Advertising, Motherhood, Biology, Beatles, Butchery

Hic sunt camelopardus: this historical edition of The Browser is presented for archaeological purposes; links and formatting may be broken.

The Age Of Innocence Is Over

Nick Parker | On Advertising | 5th May 2016

Chumminess is out. Artisan is in. Brands: Whatever you do, you must be seen to care deeply about doing it. “The Artisan Era will not be chatty. It tends to the earnest, often mixing a sort of po-faced mindfulness with an obsessive geekiness over details. With a bit of luck, crisp packets will stop wanting to be your best friend. But it’s only a matter of time before some bank or other starts telling its customers they’ve ‘curated’ a ‘small batch’ of ‘pop-up’ current accounts” (635 words)

The Case For Motherhood

Jean Kim | American Scholar | 5th November 2015

What can you say to a mother who does not want her baby? “Those who work in a psych ward are no stranger to irrational, disturbing thoughts. But those who choose to work in a women’s unit tend to be maternal types. We’re a sisterhood helping others face the vicissitudes of the feminine gender role. Somehow still, postpartum depression is disproportionately jarring. It seems like the last feminine taboo, stronger than crack babies or neglect: a mother hating her newborn child” (3,100 words)

Sean Carroll On Biology

Jo Marchant | Five Books | 6th May 2016

Expert discussion of the best books on “the science of life at all scales”, including works by Horace Freeland Judson, Adrian Desmond, Pat Shipman, Francois Jacob, David Quammen. “Unlike physics, where matter behaves in a very regular way under so many different conditions, biology doesn’t necessarily have laws. It more has tendencies, and we’re trying to figure out what those tendencies are. Whether it’s molecules or species, some things are more important than others” (3,500 words)

Did Litigation Kill The Beatles?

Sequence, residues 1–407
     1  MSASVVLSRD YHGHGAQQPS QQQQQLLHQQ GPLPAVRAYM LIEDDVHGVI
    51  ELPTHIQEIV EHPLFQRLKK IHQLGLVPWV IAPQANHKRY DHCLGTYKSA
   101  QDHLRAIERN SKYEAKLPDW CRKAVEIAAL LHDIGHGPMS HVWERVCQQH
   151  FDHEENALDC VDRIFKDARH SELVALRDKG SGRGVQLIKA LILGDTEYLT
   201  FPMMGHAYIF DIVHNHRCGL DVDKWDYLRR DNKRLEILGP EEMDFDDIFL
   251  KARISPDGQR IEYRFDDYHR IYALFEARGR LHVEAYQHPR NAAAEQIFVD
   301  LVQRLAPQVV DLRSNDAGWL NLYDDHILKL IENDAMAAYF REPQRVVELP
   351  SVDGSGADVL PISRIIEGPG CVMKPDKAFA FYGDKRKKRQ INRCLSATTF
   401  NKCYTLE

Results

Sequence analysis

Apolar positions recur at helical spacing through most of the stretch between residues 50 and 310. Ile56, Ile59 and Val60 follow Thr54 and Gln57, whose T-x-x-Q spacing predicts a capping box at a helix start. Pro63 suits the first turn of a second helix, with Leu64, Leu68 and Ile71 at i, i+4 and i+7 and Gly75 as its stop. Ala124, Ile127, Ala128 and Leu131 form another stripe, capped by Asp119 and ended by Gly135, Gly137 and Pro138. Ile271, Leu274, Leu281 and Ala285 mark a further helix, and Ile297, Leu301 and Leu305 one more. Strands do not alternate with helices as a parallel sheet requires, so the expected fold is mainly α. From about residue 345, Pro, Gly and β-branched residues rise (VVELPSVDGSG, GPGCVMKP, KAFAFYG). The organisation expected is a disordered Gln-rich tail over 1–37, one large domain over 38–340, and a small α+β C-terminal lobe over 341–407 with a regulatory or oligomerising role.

Stan Soocher | ABA Journal | 1st May 2016

A legal history of The Beatles. They generated “not only a record number of music hits but probably more legal disputes than any other music group before or since”. Brian Epstein was a rotten business manager; Apple Corps bled millions; Allen Klein was bought off for $4.2m but spent another 10 years suing George Harrison. The band “found themselves on the losing side of battles over nearly every aspect of their business”. It’s amazing they had the time to focus on music at all (3,500 words)

The Terrible Truth In My Family History

Cal Flyn | The Australian | 23rd April 2016

A writer goes in search of her great-great-great uncle, celebrated in his native Scotland as a great Australian explorer — and finds that he was the “Butcher of Gippsland”, a mass-murderer bloodthirsty even by the cruellest colonial standards. “The official death toll is only a fraction of the true total. It was inhuman, what they did to my people. Killed them. Massacred them. Tortured them. Raped them. Murdered them. Your relative. He decimated my people. And he got away with it” (2,600 words)

Video of the day: London Forge

What to expect:

Documentary. Making a knife at Blenheim Forge in Peckham, London. Music by Schubert (2’38”)

Thought for the day

The comprehension of truth calls for higher powers than the defence of error
J.W. von Goethe

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